Chinese manufacturing data fails to please as markets soften
Sentiment started off on a soft note, reflecting disappointing manufacturing data from China, then Europe.
Most indices in Europe finished weaker. However, the mood lifted on the back of stronger-than-expected data in the US.
The divergence in outlooks, largely between Europe and US, was particularly evident overnight. The S&P500 and Dow were higher.
US treasuries strengthened (yields fell) overnight, despite the run of economic data generally supported the view of an improving US economy. Yields on 10-year US bonds initially fell, but then rose to be 3 basis points lower at 2.33%.
Australian bond yields (based on futures) were relatively unchanged. Yields on 3-year bonds rose 1 basis point to 2.56%, while yields on 10-year bonds were unchanged at 3.30%.
The US dollar index was little changed, and remains near multi-year highs. The Australian dollar was also little changed, but touched a low of 0.8567 overnight. It recovered later on to trade just above 86 US cents.
US economic data was supportive of most commodity prices overnight, including oil and gold. Oil prices were also stronger on speculation that OPEC will cut output.
No domestic data to report from yesterday.
The HSBC manufacturing PMI fell from 50.4 in October to 50.0 in November. The result was below consensus estimates of 50.2. Despite the fall, the index is pointing to just a modest slowing in activity.
That being said, uncertainty about the Chinese outlook remains reflecting the downturn in the property market.
The EU composite PMI dropped to 51.4 in November from 52.1 in the previous month. It reflected a fall in the manufacturing reading from 50.6 to 50.4 and a drop in the services number from 52.3 to 51.3.
The disappointing data points to a broad based weakness in the Eurozone economy in the fourth quarter of the year.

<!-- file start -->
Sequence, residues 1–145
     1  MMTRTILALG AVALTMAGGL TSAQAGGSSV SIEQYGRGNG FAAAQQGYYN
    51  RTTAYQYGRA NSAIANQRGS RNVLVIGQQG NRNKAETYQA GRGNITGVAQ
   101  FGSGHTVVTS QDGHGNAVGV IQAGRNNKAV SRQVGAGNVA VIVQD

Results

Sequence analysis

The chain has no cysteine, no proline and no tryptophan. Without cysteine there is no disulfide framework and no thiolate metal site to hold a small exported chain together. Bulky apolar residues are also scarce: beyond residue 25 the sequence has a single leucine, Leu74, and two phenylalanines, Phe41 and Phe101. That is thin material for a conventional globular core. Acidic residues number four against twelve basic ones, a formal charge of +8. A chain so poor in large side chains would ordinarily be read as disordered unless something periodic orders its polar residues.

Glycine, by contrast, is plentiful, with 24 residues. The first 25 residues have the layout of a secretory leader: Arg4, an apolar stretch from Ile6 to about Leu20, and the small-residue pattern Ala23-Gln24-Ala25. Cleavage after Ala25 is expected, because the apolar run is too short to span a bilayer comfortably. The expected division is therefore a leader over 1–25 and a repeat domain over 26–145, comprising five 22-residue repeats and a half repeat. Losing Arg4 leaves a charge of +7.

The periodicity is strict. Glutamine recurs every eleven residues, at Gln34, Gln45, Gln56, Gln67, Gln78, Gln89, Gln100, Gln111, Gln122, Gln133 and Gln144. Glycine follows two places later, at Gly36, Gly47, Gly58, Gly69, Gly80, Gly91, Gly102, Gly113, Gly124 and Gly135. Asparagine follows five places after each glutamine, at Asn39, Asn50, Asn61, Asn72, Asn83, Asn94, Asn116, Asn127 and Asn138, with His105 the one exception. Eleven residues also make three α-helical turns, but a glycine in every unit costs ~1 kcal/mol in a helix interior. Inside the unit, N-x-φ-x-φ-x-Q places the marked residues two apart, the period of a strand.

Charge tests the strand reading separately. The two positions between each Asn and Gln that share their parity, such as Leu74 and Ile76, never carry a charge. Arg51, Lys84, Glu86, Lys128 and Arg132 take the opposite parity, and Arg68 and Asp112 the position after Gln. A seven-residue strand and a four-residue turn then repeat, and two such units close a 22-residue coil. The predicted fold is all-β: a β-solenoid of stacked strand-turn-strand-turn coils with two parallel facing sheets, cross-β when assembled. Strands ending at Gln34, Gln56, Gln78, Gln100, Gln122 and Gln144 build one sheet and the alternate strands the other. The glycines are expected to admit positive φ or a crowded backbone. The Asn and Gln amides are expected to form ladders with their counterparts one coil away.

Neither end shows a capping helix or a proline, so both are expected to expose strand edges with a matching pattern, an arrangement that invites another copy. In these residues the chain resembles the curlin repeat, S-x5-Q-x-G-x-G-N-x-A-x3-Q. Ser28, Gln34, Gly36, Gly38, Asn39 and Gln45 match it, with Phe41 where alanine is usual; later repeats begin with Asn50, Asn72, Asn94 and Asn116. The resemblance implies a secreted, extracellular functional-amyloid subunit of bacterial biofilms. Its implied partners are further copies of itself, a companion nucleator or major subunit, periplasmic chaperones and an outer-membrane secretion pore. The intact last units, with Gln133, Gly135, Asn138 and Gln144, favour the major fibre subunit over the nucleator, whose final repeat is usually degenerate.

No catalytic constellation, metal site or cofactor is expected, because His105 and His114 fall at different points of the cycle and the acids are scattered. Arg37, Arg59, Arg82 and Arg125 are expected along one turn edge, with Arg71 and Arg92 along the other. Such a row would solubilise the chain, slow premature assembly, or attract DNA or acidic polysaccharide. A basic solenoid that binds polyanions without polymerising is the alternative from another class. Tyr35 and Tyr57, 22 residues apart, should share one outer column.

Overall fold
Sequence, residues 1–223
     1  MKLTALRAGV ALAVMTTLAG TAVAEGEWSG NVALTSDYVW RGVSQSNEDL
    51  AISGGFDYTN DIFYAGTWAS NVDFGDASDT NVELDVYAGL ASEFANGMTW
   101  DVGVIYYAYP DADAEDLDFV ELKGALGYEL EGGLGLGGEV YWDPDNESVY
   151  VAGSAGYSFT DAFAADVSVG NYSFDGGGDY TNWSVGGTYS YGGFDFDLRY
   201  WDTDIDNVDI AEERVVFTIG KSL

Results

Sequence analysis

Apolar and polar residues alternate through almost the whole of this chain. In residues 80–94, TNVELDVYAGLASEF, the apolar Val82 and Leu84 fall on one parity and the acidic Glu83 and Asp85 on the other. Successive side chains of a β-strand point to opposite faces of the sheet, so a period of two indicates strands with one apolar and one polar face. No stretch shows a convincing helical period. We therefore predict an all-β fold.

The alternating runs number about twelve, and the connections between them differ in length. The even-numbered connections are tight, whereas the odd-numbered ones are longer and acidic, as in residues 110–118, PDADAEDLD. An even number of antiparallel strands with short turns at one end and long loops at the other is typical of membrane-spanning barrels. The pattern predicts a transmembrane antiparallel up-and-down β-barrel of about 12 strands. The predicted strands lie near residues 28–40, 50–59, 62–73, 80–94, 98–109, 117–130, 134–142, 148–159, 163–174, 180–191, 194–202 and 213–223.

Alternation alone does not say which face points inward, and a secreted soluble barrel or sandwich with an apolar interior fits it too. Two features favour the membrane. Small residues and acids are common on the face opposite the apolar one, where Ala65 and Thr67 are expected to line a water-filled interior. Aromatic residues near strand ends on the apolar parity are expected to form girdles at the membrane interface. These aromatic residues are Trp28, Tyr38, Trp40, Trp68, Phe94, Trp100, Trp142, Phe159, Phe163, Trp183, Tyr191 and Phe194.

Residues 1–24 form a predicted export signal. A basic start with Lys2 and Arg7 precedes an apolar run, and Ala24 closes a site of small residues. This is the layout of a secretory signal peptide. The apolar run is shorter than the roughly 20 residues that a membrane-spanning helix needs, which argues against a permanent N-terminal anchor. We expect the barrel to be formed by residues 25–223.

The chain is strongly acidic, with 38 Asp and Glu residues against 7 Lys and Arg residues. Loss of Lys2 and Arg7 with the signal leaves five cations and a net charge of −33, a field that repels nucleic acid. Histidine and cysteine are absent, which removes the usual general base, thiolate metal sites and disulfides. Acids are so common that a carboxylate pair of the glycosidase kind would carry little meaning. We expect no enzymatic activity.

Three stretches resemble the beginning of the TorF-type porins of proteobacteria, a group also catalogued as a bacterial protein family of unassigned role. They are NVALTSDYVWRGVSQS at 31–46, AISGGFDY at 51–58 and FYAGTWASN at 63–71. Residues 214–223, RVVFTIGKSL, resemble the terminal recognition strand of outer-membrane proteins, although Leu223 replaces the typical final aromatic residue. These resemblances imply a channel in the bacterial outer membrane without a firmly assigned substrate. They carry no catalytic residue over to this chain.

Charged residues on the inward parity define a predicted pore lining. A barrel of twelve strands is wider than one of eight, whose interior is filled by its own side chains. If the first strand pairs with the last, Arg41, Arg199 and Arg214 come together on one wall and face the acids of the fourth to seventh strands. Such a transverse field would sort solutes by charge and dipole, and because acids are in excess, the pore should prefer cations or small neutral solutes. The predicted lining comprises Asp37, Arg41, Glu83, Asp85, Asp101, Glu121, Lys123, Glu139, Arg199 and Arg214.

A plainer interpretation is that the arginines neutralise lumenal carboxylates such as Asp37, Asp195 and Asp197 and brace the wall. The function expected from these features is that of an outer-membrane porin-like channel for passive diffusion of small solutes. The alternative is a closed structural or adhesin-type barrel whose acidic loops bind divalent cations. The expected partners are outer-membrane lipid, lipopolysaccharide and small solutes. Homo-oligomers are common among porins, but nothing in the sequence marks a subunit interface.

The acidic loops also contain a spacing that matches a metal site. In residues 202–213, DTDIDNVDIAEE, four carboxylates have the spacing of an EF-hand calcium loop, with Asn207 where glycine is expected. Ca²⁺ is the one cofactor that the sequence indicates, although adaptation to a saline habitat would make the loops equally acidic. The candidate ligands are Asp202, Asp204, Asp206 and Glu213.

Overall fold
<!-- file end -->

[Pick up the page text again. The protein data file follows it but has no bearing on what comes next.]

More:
The trade deficit unexpectedly narrowed from -¥960.6bn in September to -¥710.0bn in October. The improvement reflected both stronger growth in exports and weaker growth in imports.
Annual growth in exports stepped up from 6.9% to 9.6% in October, the strongest since February. It suggests that the weaker yen is flowing through to stronger exports.
ANZ Job ads fell 0.3% in October, but followed two consecutive monthly increases. The level of job ads remain elevated pointing to a healthy job market.
The unemployment rate stood at 5.4% in the September quarter, a 5½ year low.
Producer output prices fell 1.1% in the September quarter, largely due to a fall in the price of dairy. Input prices also fell, dropping 1.5% in the quarter.
US CPI was unchanged in October (consensus -0.1%), which left the annual rate steady at 1.7%, for the third consecutive month.
The core index (excluding food and energy) was up 0.2% (vs consensus of 0.1%) in the month for an annual pace of 1.8%. While inflation remains relatively well-contained, core monthly inflation was the strongest in five months, and reinforces expectations that the Fed could raise interest rates.
The Philadelphia Fed business survey surged to a 21-year high of 40.8 which sharply outpaced estimates (consensus was 18.5).
It followed two consecutive readings in the low-20 range, and points to elevated activity in manufacturing for the region in the month.
In contrast, the U.S. Markit flash PMI slipped 1.2 points to 54.7 in November, and down from the 57.9 all-time high.
The November print is the lowest since the "snow-related setback in January," according to the report.
US existing home sales slightly beat estimates of -0.4% with a 1.5% October rise to 5.26mn sales. Sales are now at a one-year high.
The leading index rose 0.9% in October, above expectations for a 0.6%, adding to positive signs for the US economy.
Initial jobless claims fell 2k to 291k (median 280k) for the week ending November 15. It saw the four-week moving average edge up slightly from 285.8k to 287.5k, but still close to the recent low in late October.